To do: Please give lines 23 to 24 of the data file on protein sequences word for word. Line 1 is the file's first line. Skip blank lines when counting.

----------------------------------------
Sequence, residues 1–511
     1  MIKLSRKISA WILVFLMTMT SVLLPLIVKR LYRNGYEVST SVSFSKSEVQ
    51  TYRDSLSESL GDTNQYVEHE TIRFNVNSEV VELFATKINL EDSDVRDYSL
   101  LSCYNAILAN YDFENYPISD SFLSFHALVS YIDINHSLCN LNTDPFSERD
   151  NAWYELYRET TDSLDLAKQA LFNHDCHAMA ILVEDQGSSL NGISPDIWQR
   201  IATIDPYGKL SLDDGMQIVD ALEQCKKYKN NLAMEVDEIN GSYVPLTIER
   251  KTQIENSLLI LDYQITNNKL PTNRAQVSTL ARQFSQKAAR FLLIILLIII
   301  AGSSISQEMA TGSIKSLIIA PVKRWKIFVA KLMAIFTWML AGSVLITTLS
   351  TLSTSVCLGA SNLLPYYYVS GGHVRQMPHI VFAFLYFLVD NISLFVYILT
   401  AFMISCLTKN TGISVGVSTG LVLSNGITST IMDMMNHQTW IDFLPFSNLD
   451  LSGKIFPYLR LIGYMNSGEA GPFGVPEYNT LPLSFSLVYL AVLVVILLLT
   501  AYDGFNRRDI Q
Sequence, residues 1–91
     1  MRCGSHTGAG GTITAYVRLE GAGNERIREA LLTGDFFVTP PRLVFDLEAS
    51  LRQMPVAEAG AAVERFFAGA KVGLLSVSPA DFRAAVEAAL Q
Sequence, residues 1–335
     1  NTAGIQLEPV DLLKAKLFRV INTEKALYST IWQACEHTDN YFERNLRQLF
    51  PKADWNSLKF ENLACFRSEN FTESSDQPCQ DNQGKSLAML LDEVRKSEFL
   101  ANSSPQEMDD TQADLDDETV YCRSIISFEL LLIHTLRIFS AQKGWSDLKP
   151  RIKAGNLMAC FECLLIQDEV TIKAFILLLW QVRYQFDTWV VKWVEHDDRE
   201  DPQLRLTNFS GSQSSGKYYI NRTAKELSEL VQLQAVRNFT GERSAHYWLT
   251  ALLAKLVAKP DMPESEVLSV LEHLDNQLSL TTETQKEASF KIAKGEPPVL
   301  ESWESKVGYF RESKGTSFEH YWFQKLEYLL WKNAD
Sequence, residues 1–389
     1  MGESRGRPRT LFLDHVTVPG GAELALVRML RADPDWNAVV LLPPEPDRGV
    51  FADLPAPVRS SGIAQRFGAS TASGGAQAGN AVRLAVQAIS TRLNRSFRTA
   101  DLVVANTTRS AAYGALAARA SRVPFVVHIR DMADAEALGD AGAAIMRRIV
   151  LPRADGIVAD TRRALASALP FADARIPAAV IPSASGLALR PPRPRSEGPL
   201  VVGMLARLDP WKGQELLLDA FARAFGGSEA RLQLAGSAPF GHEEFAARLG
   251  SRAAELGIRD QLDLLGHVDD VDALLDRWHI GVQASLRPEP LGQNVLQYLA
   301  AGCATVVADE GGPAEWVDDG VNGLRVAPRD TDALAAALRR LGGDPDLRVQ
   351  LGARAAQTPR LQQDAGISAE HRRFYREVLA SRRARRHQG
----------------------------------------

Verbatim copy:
   301  ESWESKVGYF RESKGTSFEH YWFQKLEYLL WKNAD
Sequence, residues 1–389